Feel free to join in the chorus on this one ladies – periods aren’t fun. Whether it’s cramps, sugar cravings, breakouts or avoiding white pants, I don’t know one woman who would list it as a highlight of their month.
But when you really think about, we have it pretty easy in the Western world.
We can wake up, grab a pad or tampon, perhaps pop a pain killer and head about our day as normal. Unfortunately, this isn’t the case for millions of girls and women around the world.
“A majority of women in Sierra Leone don’t have a hygienic way of managing their period. Women may use five pairs of underwear, kitchen sponges, old cloth and other makeshift materials to manage their menstruation. Due to the unhygienic nature of these materials, women experience rashes, sores and bruising.” – One Girl
What’s worse, is that a lot of young girls in developing countries will miss one week of school every month – simply because they have their period.
But what can we do to help? Cue Roz Campbell.
Roz is the twenty-something entrepreneur behind Tsuno – beautiful, sustainable and socially responsible bamboo fibre sanitary pads that make periods a lot more pleasant for yourself, the environment, and your bathroom cupboard (they’re just so pretty!).
The best part? Tsuno donates 50% of its profits to projects that focus on empowering women, from health to education and beyond.
So by choosing Tsuno, you’re kind of saving the world. Pretty cool right?
Whilst I could praise Roz endlessly on what she’s doing and how she’s doing it, how about I let the woman herself do the talking?
I’ve been following your journey for a while now and think you’re absolutely brilliant! (I also really love your Do It In A Dress story! It’s super cringe-worthy and eye opening all at the same time.) Can you tell me where and when the idea for Tsuno was born?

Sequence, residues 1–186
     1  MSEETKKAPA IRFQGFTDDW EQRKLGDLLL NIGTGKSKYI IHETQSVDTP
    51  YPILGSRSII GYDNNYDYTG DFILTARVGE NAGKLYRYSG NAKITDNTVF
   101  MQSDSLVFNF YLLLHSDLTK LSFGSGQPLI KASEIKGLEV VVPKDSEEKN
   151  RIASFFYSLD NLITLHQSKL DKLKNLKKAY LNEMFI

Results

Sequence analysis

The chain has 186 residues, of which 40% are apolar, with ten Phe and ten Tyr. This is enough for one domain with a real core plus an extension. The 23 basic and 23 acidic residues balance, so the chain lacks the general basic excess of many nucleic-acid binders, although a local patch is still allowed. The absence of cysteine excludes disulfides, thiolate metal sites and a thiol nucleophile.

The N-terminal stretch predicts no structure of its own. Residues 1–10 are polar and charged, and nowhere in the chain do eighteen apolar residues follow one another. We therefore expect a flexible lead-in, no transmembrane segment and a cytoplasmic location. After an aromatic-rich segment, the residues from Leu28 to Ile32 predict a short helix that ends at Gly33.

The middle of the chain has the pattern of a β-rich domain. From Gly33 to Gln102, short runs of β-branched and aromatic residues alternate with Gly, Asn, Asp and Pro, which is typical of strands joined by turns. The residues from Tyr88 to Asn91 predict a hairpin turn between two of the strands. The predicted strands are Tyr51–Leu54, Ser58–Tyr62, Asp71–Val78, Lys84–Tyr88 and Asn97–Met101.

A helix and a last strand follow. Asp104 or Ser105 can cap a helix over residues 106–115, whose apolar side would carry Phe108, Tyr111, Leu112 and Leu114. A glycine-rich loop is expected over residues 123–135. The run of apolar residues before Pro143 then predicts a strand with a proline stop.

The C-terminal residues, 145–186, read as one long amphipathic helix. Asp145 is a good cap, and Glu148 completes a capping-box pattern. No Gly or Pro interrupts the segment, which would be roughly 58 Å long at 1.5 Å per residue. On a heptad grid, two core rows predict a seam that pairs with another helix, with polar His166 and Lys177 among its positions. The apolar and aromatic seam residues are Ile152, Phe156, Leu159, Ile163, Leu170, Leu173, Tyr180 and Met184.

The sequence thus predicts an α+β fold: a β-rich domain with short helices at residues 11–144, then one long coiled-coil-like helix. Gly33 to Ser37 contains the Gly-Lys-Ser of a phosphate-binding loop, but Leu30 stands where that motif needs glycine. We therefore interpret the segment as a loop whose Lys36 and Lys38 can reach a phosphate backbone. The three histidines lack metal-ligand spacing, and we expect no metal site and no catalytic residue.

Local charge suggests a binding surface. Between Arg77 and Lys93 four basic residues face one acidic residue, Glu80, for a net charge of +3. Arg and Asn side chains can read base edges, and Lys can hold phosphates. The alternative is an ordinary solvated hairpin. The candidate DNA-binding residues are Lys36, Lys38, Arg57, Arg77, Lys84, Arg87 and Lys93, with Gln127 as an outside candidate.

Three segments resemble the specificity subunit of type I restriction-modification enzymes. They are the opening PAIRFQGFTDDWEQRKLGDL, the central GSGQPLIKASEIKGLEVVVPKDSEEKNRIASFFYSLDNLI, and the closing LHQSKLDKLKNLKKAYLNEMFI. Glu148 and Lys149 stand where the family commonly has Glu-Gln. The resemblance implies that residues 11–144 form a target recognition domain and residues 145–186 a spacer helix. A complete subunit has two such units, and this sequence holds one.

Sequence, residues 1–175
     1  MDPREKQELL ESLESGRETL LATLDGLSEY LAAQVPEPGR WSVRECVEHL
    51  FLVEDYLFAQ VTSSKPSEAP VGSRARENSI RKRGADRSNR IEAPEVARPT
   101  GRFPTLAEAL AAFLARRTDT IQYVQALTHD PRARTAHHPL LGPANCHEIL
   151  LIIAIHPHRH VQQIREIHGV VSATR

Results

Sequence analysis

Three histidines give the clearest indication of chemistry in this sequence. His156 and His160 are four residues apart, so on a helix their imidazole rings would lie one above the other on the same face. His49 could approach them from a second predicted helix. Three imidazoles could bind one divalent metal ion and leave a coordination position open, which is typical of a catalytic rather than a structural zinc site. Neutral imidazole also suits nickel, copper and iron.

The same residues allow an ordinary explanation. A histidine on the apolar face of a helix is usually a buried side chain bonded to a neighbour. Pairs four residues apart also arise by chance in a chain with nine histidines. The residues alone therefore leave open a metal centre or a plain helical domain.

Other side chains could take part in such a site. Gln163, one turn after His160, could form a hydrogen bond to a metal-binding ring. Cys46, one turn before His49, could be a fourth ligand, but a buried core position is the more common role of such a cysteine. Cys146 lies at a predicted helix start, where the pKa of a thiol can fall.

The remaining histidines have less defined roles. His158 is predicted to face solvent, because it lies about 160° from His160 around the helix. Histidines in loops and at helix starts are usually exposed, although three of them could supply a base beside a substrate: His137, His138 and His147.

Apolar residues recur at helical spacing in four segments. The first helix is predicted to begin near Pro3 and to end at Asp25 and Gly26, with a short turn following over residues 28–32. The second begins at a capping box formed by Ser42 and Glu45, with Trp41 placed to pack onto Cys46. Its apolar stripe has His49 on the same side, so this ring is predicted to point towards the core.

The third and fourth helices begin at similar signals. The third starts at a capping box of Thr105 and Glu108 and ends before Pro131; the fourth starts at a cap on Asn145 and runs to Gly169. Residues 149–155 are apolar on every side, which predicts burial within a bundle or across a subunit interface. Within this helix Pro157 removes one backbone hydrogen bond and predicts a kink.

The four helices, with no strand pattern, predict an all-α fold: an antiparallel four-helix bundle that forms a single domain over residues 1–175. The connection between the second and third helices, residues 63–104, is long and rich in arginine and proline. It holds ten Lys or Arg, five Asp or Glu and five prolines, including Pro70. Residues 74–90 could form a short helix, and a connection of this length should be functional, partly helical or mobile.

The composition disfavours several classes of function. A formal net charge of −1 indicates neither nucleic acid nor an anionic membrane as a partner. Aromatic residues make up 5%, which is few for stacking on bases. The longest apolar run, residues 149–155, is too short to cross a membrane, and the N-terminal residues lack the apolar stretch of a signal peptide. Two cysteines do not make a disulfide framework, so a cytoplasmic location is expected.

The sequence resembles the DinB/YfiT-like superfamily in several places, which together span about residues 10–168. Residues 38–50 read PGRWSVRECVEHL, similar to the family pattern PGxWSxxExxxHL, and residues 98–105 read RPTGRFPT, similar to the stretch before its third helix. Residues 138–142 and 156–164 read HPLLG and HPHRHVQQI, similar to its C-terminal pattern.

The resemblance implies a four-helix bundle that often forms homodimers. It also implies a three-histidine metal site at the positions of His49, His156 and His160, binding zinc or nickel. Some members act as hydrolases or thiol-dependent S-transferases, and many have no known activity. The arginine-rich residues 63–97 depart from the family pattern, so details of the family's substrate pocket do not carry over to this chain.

The idea came when I was in third year university. In a class in my industrial design degree called Design for Sustainability, I did an assignment on condoms; I had to pick a product that had a big impact on the world and research the manufacturing process and history. That’s when I became aware of social enterprise. I learnt about a condom business in America that does one-for-one donations and I just fell in love with the idea. I thought “Why isn’t every business doing this; it’s amazing!”.
The week after in a guest lecture, Chantelle Baxter from One Girl told us she was in her early-20s, living in Melbourne, going shopping and partying, not feeling satisfied with her life, and all of a sudden ending up in Sierra Leone on a volunteer project. When she came back, she realised she had to do something different. She told us about the process of starting her own charity; you don’t have to have studied for years or have heaps of experience. I thought, “If she can do it, why can’t anyone else?”. She also told us a lot of girls getting scholarships from her charity weren’t attending school when they got their period, and that’s what stuck with me.
It was also around the same time I’d been to Finland to visit a friend and I got my period. I asked if she had any pads or tampons and she told me she used a menstrual cup. I bought one and started using it, and I was really amazed at how this product existed, but I’d never heard of it before. I was a bit inspired by it; as a result, I started looking at sustainable sanitary products.
All of those things kind of tied in together. I was at a bit of a loss with what direction I wanted to go in in life. I had a small business selling jewellery and I just wasn’t feeling that satisfied with it. I decided Tsuno was the idea I should follow through with and it was a good one, so I started putting all the research in to make it possible.
Were there any moments where you thought ‘What the heck am I doing?’
I forced myself to make it work. There’s something about social accountability – if you want to achieve something, make it known and say it out loud, because if you don’t tell anyone, it’s really easy to let it slip behind and find excuses for why you shouldn’t do it.
I threw myself in the deep end and said “I’m doing this”. I told everybody about it and thought “If I don’t do this I’m going to be so embarrassed”. I just had to make it work. I never thought ‘I can’t do this’, probably because my pride was on the line as well.